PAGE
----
Backstories / Black Stories: Black Journalists, INGOs and the Racial Politics of Representing Sub-Saharan Africa in Mainstream UK News Media

Douglas, Omega. 2019. Backstories / Black Stories: Black Journalists, INGOs and the Racial Politics of Representing Sub-Saharan Africa in Mainstream UK News Media. Doctoral thesis, Goldsmiths, University of London [Thesis]

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Abstract or Description

Academic concern with representations of sub-Saharan Africa in Western news media is intensifying. In particular, there is burgeoning interest in how INGOs and black journalists, within and outside the African diaspora, influence the narration of Africa in international news. The positionalities of both actors in the field of reporting on sub-Saharan Africa has far-reaching implications for whether historically rooted, racist Western understandings of the region may be subverted. Yet questions of race exist on the margins of scholarship in this area. Unlike most current research on coverage of Africa, this study inserts issues of race and racism into debate. It is distinctive by linking critical race and postcolonial theories to Bourdieu’s (2005) ‘journalistic field’.

Through in-depth interviews with journalists of colour and INGO press officers who work for some of Britain’s largest news and aid organisations, the concept of postcolonial journalistic field theory (PCJFT) is developed. This new interdisciplinary framework, alongside the development of notions such as quadruple consciousness, schizophrenic inclusion and life-in-death, importantly adds to theories of representation, black (British) identity, journalism, race and cultural production studies, by showing how methods and critiques that are part of critical race and postcolonial theories, enable theoretically grounded accounts of how and why mediated racial discourses occur.

PCJFT shows that a contextual study is essential to understanding the racial politics that this research found informs the production and representation of news on sub-Saharan Africa in UK media, by accounting for the complex relations between journalists’ experiences and ‘standpoints’ (Hill Collins, 1998, 2000), institutional culture and the power of news media and INGO sources. As such, this study reveals a historicised, racialised, capitalist, moralising discourse exists in relation to mainstream UK news on black African Others, and proposes a phenomenological approach to race within journalism as a vital means of dismantling such discourse.

Item Type:

Thesis (Doctoral)

Identification Number (DOI):


Black journalists, INGOs, NGOs, Representation, Sub-Saharan Africa Western news media, black (British) identity, journalism studies, critical race theory, cultural production studies, postcolonial theory, journalistic field theory, African diaspora, international news, racism, development, aid, racial politics, standpoint theory, phenomenology, racial discourse, foreign reporting, media-NGO relations, news sources, life-in-death, Ebola, postcolonial journalistic field theory, Foucauldian discourse analysis, outsider-within, black privilege, Western gaze, protectionist journalism, double consciousness, quadruple consciousness, socialised disassociation, diversity, inclusion, blackness, market rationality, mitigating difference, normative framing, cosmopolitanism, ethics, slacktivism, development journalism, colonial discourse, decolonial, interdisciplinary methods & methodologies, marginalised groups, Others, Othering, the Other, intersectionality, racialisation, Africa, political economy of news, necropolitics, whiteness, inequality, agency, UK media, social justice, pan-Africanism, Bourdieu, Fanon, Du Bois, Hall, Hill Collins, Said, Mbembe, Foucault, white saviour, humanitarianism, black and minority ethnic, BAME, public sphere, journalist-source relations, news culture, hegemony, racial stereotypes, race, cultural capital, magnified delirium, habitus, doxa, schizophrenic inclusion, ethical and economic rationalities, global media, racial capital, Global South, Northern news, black lives, erasure of locals, subjectivity, historicised, racialised, capitalist, moralising discourse, ‘us’ and ‘them’, discrimination.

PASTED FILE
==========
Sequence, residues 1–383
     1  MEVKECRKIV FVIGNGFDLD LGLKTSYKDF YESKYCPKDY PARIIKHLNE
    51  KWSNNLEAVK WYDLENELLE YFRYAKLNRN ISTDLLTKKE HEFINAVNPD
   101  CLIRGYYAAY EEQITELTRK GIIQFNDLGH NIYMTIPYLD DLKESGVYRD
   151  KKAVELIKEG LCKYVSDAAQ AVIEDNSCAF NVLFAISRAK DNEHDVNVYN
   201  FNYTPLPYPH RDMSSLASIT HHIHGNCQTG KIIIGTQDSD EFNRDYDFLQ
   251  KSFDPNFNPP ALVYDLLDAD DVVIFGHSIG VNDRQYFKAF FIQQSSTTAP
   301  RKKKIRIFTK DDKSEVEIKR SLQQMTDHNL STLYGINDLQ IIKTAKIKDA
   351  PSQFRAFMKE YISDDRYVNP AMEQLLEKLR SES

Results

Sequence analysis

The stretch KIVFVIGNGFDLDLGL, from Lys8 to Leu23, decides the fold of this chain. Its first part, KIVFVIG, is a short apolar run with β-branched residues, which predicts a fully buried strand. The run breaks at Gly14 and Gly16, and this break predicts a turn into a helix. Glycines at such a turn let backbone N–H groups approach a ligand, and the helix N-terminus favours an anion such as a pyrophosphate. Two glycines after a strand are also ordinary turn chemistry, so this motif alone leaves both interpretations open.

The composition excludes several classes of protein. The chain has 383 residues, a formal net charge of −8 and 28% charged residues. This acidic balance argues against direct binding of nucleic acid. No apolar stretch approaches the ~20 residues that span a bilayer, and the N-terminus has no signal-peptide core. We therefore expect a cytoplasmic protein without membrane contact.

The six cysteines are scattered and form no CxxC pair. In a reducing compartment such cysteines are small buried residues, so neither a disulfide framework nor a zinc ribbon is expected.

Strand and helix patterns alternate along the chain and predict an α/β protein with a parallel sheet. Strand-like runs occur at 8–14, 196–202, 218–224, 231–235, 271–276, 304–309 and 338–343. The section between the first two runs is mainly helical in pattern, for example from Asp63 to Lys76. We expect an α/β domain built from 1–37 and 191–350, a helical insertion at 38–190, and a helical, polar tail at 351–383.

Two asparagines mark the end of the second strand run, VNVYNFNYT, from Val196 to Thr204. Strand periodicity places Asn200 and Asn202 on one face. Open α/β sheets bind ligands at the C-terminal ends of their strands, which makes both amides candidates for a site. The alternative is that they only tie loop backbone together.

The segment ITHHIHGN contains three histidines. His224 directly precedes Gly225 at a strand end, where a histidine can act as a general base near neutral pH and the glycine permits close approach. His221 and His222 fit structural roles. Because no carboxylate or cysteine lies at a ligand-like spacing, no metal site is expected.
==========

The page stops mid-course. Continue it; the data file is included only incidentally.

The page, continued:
Departments, Centres and Research Units:

Media, Communications and Cultural Studies


31 March 2019

Item ID:


Date Deposited:

21 May 2019 09:31

Last Modified:

18 Nov 2022 16:16


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